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I am using the web3.js 1.0 version for creating a contract and communicate to the network. On the web3.eth.Contract object, Should we call the send function, after the deploy function resolve to actually deploy a contract to the network.

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If your question is about the order of contract deployment and usage, then:

  1. Create contract object:
    new web3.eth.Contract(jsonInterface[, address][, options])
  2. Deploy contract with options(byte code, arguments):
    myContract.deploy(options)

  3. a) Use .call to simulate what would happen in a transaction, but discards all the state changes when it is done.

    b) .send will send a transaction to the smart contract and execute its method. Note this can alter the smart contract state.

    myContract.methods.myMethod(123).call({from: '0xde0B295669a9FD93d5F28D9Ec85E40f4cb697BAe'}, function(error, result){
      ...
    });
    myContract.methods.myMethod(123).send({from: '0xde0B295669a9FD93d5F28D9Ec85E40f4cb697BAe'}, function(error, transactionHash){
      ...
    });
    

If you are asking should you use .send right after contrat deployement:

Best practice is to issue a .call first, because it's better to test it for free, before you will execute a transaction and spend some Ether.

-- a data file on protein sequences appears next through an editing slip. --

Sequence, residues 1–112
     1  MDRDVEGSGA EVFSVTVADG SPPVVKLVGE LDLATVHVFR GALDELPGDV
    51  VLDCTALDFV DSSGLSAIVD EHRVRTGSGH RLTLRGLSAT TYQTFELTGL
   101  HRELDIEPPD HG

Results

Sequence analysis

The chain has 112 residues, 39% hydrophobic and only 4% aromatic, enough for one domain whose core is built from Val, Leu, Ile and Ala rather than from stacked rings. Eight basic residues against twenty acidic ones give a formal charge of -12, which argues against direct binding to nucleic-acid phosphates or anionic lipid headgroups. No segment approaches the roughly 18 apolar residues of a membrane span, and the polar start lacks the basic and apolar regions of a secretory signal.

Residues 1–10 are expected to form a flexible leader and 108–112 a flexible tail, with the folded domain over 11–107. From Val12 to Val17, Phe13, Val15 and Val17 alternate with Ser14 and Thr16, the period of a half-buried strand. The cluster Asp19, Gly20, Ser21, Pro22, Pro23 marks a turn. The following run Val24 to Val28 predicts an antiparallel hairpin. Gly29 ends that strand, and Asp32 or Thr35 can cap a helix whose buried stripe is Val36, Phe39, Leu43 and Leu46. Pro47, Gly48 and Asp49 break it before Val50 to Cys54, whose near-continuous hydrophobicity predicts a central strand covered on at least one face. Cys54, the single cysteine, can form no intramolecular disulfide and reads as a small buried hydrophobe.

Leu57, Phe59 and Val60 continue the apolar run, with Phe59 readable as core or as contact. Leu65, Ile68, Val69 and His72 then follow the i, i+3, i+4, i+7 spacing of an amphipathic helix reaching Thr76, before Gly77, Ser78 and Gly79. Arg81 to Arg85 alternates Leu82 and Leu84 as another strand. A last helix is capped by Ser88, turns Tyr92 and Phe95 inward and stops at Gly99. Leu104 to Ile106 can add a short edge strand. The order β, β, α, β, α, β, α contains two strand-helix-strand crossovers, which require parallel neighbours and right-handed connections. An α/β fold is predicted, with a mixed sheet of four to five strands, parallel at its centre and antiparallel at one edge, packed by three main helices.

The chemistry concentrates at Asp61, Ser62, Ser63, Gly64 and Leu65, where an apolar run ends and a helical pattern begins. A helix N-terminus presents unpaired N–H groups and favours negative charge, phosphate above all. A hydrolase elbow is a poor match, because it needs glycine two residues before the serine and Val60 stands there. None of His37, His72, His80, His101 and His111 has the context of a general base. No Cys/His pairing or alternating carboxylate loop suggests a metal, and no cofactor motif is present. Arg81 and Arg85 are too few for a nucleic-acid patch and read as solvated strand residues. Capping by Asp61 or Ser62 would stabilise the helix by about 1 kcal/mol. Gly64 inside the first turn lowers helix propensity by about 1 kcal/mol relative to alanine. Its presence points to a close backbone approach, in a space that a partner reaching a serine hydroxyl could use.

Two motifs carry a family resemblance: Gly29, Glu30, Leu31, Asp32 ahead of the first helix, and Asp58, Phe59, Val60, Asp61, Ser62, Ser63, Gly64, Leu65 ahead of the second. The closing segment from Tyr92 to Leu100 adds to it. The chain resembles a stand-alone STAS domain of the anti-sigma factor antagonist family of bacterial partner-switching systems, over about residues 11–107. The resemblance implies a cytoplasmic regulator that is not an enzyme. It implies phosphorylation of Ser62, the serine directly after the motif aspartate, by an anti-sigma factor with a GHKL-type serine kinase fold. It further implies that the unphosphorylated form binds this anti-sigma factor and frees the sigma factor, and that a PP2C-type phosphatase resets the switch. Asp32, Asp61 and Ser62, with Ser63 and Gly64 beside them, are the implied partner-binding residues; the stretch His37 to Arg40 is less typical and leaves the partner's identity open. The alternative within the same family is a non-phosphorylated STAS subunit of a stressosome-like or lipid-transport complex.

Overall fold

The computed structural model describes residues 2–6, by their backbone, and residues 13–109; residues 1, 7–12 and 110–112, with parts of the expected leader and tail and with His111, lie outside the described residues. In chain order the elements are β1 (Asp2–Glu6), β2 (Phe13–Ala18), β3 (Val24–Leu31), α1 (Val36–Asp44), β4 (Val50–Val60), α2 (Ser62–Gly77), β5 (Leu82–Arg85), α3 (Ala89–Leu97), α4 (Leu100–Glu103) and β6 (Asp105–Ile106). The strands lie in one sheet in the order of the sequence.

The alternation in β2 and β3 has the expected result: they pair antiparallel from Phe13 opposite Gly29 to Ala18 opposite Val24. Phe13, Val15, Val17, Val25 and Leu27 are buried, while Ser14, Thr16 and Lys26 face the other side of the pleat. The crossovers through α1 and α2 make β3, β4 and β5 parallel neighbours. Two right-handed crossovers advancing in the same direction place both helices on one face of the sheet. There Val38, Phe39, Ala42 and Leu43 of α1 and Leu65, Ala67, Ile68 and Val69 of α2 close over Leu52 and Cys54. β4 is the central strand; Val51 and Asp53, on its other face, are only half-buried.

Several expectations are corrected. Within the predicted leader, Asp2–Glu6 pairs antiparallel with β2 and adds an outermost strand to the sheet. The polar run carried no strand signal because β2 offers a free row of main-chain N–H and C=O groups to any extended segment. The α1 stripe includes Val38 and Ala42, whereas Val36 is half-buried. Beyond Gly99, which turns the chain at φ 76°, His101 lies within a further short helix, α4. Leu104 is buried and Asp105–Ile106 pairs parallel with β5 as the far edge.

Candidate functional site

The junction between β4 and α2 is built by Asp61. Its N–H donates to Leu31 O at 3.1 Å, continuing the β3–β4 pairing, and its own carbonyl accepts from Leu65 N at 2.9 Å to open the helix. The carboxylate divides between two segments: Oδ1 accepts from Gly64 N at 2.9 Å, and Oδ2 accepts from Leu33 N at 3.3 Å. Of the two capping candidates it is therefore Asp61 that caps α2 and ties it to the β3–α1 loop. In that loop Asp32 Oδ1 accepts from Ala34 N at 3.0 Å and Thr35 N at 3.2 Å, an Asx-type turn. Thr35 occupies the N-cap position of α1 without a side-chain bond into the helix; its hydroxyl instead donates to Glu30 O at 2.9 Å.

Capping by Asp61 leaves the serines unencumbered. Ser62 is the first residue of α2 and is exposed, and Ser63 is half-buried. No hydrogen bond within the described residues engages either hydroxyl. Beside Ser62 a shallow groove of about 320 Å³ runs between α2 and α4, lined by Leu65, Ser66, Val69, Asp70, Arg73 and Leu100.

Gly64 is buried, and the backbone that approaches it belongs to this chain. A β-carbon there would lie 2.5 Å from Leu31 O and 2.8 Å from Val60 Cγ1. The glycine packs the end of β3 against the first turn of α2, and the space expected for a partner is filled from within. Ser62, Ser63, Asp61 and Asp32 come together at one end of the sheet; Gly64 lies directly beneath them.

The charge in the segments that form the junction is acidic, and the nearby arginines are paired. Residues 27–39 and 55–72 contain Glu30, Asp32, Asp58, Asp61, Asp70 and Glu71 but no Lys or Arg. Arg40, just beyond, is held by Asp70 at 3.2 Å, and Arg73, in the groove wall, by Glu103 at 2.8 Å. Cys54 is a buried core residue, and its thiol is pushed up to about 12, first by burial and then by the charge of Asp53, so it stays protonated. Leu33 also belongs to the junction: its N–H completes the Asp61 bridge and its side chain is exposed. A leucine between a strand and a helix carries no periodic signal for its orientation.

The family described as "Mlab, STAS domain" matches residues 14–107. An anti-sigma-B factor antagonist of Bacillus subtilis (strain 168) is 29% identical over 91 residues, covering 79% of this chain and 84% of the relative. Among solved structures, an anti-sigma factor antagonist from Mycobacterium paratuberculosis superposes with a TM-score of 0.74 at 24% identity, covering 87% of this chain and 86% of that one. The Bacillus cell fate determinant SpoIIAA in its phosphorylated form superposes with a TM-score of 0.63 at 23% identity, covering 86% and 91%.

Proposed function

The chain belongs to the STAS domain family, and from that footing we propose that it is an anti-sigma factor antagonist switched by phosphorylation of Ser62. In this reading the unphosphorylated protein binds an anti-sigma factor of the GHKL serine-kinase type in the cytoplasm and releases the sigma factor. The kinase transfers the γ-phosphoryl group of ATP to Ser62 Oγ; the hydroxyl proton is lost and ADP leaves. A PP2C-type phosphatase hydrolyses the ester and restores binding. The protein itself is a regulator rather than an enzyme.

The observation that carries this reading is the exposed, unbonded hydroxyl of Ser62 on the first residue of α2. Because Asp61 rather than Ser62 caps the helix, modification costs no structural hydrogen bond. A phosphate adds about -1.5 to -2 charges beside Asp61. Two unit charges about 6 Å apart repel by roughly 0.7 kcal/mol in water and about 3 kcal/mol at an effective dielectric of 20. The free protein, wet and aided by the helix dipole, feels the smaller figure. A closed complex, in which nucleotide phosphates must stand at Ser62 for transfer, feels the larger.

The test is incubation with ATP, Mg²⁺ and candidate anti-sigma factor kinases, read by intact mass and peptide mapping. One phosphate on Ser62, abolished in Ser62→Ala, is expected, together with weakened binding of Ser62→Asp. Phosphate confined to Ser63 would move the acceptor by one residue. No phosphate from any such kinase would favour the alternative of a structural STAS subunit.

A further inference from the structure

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  • Ok. Thankyou. Sorry for not being clear. My doubt is, when the deploy function is called, whether it actually created the smart contract in the chain, and I could just stop there. Doc says, it resolves to transaction object. So does that mean the contract is in the network, only when I send it?
    – shonjs
    Jan 7 '18 at 15:25
  • To actually deploy sc to blockchain you should use: ‘myContract.deploy().send();’ Jan 7 '18 at 15:34
  • So yes, only when you send it. Jan 7 '18 at 15:35
  • @ShonGJoseph If the question is solved, please accept the answer as it is described here. In your future questions try to be more specific and unambiguous. It will help other people to help you! Jan 7 '18 at 15:52

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